An investigation by reporters at an ABC station in North Carolina has uncovered a loophole in North Carolina law that allows sex offenders from out of state to move to North Carolina without having to give register as sex offenders.
The investigative team at the ABC-owned station in Raleigh-Durham, WTVD, found that dozens of people listed on the national sex offender registry because of convictions in other states for offenses like rape and sexually abusing children are now living in North Carolina, but a search of the state's sex offender registry doesn't turn up their names.
Under North Carolina state law, sex offenders who were convicted or released from prison before 1996 and moved to North Carolina before December 2006 do not need to register in North Carolina. A search turned up 32 people in three of North Carolina's largest counties whose names appear on the national sex offender registry but not on the state registry.
One of those individuals is Robert Fish, who was convicted of a sex offense in New York state in 1996 before moving to North Carolina. Fish was sentenced to three years of probation for having actual sexual contact with a 15-year-old girl.
Reema Baloch told WTVD she met Fish via the internet in September 2001 after he moved to Raleigh. She said she lived with him for two years and had a child with him.
She said it wasn't until earlier this year while in the midst of a custody battle with him that she discovered his past.
"I got up and I started yelling and just horrified and scared," she recalled. She had checked the state registry for sex offenders multiple times in the past, but not the national registry.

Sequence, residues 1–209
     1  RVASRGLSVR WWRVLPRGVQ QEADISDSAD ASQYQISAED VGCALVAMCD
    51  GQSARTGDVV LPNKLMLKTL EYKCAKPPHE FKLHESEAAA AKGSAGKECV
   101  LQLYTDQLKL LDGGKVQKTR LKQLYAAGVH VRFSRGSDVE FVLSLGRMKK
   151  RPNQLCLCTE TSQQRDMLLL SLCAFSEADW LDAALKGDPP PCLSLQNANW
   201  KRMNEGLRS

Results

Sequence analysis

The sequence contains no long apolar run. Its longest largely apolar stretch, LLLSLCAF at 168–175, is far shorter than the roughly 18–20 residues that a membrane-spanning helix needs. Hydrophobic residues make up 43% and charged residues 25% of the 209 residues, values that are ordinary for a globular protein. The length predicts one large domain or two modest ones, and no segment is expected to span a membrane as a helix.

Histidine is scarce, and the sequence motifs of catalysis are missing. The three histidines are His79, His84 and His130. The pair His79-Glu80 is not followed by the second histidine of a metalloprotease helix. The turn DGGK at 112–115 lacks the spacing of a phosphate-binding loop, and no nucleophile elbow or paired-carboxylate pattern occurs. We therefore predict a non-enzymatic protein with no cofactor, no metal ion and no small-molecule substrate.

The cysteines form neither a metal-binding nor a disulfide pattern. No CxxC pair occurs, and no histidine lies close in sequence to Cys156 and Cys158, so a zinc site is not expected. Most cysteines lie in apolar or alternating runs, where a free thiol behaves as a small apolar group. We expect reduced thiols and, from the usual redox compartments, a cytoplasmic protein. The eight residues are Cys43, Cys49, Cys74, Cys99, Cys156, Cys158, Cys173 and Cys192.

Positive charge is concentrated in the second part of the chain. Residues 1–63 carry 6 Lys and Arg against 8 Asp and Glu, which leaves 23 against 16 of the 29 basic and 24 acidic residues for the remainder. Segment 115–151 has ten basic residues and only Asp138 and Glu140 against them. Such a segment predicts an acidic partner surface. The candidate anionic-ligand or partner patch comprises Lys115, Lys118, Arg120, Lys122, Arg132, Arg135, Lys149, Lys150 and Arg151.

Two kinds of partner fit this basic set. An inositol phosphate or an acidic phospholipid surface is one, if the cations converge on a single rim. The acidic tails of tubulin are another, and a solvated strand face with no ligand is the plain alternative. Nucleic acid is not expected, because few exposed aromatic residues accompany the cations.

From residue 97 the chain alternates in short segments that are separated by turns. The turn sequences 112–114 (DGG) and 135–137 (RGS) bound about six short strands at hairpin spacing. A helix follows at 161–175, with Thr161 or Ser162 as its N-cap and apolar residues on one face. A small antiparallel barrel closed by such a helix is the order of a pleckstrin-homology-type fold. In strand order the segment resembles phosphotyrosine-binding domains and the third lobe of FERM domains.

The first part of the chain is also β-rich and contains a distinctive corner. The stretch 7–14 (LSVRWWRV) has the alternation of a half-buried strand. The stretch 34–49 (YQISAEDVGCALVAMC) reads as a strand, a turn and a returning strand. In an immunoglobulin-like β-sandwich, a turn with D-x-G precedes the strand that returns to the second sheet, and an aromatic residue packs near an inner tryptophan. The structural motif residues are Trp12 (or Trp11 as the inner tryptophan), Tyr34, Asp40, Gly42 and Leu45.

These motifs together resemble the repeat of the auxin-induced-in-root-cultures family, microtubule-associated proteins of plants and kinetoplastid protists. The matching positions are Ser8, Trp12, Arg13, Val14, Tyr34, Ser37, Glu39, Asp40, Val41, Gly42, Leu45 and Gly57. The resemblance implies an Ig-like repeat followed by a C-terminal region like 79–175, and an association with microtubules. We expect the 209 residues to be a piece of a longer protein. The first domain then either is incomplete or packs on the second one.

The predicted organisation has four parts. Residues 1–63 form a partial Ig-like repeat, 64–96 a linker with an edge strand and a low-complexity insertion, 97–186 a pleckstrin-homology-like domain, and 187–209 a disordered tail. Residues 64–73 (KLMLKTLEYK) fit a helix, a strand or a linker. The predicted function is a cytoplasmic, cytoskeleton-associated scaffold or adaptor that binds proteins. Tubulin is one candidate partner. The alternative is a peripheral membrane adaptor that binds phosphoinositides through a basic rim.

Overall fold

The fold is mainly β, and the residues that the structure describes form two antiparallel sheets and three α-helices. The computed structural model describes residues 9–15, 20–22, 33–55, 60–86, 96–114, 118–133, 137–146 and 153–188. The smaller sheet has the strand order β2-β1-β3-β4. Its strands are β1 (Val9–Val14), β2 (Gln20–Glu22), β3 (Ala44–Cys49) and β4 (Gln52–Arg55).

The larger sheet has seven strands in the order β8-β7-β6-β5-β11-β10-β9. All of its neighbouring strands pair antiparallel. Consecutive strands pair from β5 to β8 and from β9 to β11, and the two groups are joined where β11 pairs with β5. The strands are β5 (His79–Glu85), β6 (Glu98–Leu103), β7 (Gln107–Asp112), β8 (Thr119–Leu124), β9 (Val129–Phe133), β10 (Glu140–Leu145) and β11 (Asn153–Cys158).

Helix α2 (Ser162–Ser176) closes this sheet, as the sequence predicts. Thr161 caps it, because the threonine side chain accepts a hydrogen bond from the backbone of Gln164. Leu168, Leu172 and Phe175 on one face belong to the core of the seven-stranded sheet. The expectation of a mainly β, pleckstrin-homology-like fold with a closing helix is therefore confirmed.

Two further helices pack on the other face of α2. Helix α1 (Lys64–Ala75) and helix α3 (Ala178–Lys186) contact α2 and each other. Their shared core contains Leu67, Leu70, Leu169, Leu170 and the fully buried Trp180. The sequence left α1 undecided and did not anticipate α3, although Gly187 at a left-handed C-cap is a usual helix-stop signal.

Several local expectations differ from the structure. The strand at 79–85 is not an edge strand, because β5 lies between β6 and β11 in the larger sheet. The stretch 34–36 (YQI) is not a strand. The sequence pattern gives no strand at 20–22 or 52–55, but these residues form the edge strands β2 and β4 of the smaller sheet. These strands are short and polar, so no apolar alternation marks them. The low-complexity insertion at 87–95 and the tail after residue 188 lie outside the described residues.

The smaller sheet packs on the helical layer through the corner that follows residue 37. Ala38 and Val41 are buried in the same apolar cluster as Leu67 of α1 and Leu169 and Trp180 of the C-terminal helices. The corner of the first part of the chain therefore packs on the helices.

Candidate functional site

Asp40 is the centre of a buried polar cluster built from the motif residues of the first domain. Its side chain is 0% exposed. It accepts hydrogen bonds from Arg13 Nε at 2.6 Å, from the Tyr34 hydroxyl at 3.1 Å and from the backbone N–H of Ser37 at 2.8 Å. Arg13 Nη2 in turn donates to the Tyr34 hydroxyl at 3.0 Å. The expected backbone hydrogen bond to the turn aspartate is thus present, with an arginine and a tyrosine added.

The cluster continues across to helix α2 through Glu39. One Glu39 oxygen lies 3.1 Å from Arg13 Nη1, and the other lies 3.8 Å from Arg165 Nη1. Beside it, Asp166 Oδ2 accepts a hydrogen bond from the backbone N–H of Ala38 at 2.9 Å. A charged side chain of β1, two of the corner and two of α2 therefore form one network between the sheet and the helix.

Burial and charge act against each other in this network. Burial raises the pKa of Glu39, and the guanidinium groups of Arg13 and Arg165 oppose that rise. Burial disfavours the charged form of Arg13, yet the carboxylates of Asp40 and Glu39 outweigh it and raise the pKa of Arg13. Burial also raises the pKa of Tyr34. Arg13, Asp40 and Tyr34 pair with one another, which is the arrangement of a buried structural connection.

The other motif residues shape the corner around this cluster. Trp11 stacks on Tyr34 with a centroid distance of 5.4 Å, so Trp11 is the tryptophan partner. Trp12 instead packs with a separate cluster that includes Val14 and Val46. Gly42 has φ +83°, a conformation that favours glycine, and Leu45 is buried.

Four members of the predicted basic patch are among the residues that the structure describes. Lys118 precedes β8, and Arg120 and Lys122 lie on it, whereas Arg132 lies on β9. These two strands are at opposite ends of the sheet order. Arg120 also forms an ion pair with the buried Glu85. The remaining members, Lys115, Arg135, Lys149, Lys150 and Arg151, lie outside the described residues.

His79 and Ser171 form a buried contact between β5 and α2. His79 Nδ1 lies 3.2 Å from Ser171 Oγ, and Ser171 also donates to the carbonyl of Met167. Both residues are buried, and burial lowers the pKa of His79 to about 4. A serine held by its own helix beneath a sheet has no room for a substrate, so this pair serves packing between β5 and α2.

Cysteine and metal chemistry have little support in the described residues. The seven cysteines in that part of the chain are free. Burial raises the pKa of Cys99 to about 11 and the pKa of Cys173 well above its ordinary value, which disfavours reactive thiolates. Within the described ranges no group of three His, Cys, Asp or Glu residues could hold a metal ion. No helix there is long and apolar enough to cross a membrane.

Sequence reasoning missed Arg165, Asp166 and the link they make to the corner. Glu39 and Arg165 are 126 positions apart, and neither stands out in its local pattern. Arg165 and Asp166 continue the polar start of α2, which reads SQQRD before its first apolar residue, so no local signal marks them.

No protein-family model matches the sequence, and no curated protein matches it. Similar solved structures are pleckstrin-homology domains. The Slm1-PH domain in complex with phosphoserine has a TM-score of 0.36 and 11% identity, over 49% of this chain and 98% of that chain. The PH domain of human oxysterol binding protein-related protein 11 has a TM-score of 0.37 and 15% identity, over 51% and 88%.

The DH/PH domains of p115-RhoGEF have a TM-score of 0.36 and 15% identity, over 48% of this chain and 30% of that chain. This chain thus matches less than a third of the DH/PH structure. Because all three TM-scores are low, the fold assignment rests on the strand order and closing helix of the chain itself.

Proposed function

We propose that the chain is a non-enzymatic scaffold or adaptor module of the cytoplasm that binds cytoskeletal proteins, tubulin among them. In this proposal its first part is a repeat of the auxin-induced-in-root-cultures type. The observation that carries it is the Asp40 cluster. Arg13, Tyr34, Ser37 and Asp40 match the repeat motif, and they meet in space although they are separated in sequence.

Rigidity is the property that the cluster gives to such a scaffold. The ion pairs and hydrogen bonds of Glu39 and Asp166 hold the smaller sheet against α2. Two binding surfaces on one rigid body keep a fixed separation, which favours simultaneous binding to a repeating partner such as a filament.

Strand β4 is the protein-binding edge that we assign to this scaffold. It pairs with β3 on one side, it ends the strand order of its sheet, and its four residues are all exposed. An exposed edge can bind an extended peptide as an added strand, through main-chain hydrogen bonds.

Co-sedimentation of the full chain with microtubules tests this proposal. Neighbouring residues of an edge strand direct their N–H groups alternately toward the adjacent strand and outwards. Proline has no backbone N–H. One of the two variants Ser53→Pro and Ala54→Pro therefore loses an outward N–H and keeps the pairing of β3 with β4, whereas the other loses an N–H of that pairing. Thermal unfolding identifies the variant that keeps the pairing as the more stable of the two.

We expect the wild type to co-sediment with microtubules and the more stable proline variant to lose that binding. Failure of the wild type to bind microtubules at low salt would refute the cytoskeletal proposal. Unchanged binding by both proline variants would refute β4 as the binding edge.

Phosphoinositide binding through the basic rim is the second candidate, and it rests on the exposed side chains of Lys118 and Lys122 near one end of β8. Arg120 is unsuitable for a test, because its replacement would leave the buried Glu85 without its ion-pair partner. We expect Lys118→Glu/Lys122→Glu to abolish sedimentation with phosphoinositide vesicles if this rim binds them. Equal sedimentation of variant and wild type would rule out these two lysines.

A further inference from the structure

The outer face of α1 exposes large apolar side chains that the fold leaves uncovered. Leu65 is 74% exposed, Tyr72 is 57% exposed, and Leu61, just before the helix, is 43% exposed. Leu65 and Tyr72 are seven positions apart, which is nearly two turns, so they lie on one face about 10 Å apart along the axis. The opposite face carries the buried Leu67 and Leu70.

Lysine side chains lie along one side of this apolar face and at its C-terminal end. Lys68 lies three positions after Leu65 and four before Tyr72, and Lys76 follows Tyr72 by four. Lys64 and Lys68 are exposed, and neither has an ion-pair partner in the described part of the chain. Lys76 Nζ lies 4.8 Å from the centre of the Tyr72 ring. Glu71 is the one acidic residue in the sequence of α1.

"I had a feeling in my heart that there's something not right about him. And so one day, I went to the national registry," she recalled. "And that's when I discovered it."
She found Fish listed on the national sex offender registry -- with an address in Apex, N.C. -- but he does not appear on the North Carolina sex offender registry.
"No one knows. No one has any idea he's a level 3 registered sex offender," said Baloch. Fish's national sex offender registry entry gives his risk level as 3, meaning that he is considered high risk.
Fish is not an isolated case. WTVD discovered 26 sex offenders in Wake County, which includes the state capital of Raleigh, who are on the national registry but are not required to register in North Carolina. There are five more in Cumberland County and one in Durham County.
WTVD contacted Robert Fish to request comment on this story. He declined.
State Rep. Tim Moore, R.-Cleveland County, who has co-sponsored previous sex offender laws, said that he planned to address the gap in existing state law.
"First of all, thank you for doing this story," he told WTVD, "because it's bringing to the attention of legislators something that we need to look at."
"It's my intent to come back and file a bill to fix this loophole we have," said Moore.
Baloch said she was shocked that lawmakers had not been aware of the loophole previously.
"I mean it's ridiculous. It should not happen," she said. "And that's why there are future victims out there, because people can't keep their children safe, because they have no way of knowing."